The entire production office consisted of two people, the producer and his production coordinator.  If the producer had little experience, the coordinator had none, though he was as a much nicer person.  The producer was young, snippy, and arrogant.

Even at that time, the production office would typically have those five-line phones, and at least three phones.  This would be an absolute minimum, and most of my offices had more.  Those phones would "hunt" (that is the phone company's term for it), so if one line was busy, it would go to the next line.

What this office had was two phones, and, in one of the best examples that we were in trouble, the producer  chose to NOT get call waiting, because it cost a little more.  This was a classic example of being penny-wise and dollar-foolish.  Of course, with the high cost of cell phone rates at that time, they weren't going to pay for a cell phone on set, so I had a beeper.  In the beeper days, an emergency call (something that absolutely had to be dealt with) would get a "911" at the end of it, to distinguish it from just suggesting that you call back when available.

The combined result of these cost-saving measures was that I would get pages from the office with 911 at the end of them, have to find the closest working pay phone, then call, only to get a constant busy signal because there was no call-waiting.  Often the busy signal was actually a result of the coordinator paging me again.

This process meant I often got important information very late, in some case, I didn't get it until someone was actually sent to the set with a message from the office.

We had barely improved on the carrier pigeon.

It was ridiculous, and would have been laughable if it wasn't so frustrating. 

The least favorite part of the 2nd AD's job for me was preparing the call sheet, as it was for most people.  The process, for those who don't know, is that you prep the call sheet with all the information you have from the schedule and the breakdown of the elements, and propose call times to match for crew and cast.  You then show a draft to the AD for their input and approval, and make changes until it gets approved.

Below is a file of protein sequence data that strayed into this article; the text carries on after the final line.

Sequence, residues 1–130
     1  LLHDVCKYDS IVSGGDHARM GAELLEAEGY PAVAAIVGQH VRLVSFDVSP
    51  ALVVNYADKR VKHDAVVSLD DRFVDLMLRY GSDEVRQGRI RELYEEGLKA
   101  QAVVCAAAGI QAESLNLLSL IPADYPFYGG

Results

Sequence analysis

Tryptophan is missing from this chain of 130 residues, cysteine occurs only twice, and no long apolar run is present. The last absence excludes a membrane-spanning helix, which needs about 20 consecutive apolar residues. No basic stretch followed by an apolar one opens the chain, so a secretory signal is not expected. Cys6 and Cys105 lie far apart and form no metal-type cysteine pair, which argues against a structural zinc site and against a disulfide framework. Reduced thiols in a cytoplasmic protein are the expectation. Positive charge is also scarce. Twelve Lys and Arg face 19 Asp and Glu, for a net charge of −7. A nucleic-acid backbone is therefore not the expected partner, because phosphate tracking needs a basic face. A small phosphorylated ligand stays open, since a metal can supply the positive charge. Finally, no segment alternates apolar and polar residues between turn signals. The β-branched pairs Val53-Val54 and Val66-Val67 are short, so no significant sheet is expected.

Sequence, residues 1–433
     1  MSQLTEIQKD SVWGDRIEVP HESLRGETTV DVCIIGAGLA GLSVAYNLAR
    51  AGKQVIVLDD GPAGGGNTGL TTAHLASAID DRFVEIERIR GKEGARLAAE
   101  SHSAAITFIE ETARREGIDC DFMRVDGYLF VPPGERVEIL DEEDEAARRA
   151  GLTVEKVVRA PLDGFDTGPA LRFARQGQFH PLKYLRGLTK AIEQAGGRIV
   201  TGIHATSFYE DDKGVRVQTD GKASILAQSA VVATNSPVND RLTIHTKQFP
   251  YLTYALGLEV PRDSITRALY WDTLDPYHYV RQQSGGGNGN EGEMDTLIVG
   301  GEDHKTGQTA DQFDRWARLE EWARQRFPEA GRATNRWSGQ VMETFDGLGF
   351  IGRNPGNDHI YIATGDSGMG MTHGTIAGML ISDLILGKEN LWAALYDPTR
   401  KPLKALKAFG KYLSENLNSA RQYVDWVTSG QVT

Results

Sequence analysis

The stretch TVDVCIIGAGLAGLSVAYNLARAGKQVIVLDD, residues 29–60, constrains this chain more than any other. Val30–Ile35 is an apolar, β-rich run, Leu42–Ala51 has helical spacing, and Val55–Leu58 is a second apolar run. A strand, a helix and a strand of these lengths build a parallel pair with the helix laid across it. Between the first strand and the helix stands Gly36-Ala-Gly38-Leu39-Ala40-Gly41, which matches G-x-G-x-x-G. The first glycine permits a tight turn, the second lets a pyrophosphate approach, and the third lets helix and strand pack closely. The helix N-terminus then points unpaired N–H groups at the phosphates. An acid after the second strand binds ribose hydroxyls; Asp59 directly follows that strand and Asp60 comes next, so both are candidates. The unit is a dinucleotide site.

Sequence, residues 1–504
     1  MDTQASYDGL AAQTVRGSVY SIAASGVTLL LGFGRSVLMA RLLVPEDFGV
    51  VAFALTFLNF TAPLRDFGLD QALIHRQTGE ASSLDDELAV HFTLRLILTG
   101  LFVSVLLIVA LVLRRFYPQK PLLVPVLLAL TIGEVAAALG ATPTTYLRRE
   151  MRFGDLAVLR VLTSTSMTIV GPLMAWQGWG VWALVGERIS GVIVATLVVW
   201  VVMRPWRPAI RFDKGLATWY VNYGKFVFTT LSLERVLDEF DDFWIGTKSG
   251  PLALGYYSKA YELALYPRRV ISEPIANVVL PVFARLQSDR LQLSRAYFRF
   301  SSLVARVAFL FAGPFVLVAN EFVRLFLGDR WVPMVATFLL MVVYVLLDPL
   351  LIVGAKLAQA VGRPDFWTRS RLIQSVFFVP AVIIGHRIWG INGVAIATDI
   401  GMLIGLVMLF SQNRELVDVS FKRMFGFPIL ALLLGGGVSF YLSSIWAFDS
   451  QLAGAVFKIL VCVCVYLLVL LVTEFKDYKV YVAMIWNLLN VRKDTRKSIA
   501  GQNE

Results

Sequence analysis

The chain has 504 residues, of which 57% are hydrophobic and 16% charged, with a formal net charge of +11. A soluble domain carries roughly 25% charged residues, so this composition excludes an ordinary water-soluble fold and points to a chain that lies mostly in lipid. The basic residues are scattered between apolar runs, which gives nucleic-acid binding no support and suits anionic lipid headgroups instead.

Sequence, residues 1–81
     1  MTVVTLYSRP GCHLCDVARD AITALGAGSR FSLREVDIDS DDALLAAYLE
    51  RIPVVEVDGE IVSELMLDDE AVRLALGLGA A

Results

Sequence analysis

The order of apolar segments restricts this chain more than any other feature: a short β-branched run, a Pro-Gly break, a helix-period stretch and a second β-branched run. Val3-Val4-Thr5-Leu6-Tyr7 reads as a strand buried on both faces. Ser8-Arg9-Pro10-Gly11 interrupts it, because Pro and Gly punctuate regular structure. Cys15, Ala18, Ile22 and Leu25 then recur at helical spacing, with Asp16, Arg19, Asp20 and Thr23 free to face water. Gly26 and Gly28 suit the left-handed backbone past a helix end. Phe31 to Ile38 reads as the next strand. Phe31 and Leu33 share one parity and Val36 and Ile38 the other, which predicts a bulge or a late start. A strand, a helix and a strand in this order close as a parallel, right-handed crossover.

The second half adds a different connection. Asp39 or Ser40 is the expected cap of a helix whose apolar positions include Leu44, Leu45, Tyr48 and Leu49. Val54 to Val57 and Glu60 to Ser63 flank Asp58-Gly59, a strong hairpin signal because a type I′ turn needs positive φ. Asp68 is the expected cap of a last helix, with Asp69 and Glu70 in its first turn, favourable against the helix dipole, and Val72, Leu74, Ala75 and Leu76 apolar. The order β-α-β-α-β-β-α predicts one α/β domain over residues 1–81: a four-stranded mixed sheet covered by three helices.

Often information throughout the day leads to changes; long days to call time being pushed back, scene missed needs to be added, along with its elements, etc.  Information needs to go back and forth not only between people on set, but also with the office.

Not being able to contact the office meant that getting the information I needed was delayed, and getting the call sheet to Van was delayed, and anyone who has ever been a 1st or a 2nd knows how frustrating that is for both people.

Additionally, I had to coordinate company moves, and I had no UPM or location manager or other help on set.  Of course, I had one passenger van to do the moves, so I was constantly sending 1st team ahead, and having to wait for that van to return to get the next group there, and, inevitably, this lead to delays.  Surprisingly, though, we were not far behind schedule as the end of the first week approached, but we were behind.

If we were struggling on set, the coordinator was so far over his head that he was struggling even more.  Nothing ever got to set on time from the office, in no small part because the coordinator was doing too many things at once and would often have to wait for the producer to get off the phone to make calls that needed to be made.

One morning, as we waited on something we needed to start shooting, I explained to the producer that this could not continue, this for maybe the umpteenth time.  This producer was one of those people who was more concerned about who was to blame than how to get things fixed, so he finally agreed to add a person, if he could find someone with experience that would work for the low rate.

Luckily, I knew just the person.  I called Stacey, my friend from the films I had done with JR.  Stacy, who had worked as location manager and 2nd AD with me, had also worked as production coordinator in the meantime.  She was incredibly well-organized, was capable of turning chaos into order, and she knew how I worked.  All of this made her perfect.

I woke her at about 7AM, and she was showered, dressed and in the production office about an hour later.

Stacey took hold of the office, and things got slightly better, but now that the office was covered, albeit with a slight increase in cost, the producer would focus on anything Van did as an excuse for why we were behind, including rookie errors by the director.

This set up some interesting days, and one so frustrating that it still is clear in my mind all these years later, a day that had everything, including four company moves, rain, overtime, and children, and an overly-chipper new PA.

*Follow the link with Raymond's name for his perfect description of "the chain of pain."

No comments: